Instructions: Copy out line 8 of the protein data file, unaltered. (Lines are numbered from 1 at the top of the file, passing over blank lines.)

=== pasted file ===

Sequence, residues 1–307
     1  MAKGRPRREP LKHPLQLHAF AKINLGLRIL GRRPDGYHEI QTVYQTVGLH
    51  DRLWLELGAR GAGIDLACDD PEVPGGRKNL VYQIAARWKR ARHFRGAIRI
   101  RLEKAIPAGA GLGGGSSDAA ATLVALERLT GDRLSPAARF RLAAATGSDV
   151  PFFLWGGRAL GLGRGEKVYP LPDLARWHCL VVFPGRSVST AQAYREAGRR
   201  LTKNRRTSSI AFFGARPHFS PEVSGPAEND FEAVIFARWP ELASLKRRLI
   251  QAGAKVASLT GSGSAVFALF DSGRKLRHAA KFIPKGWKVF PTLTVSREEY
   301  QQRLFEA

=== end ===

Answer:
   301  QQRLFEA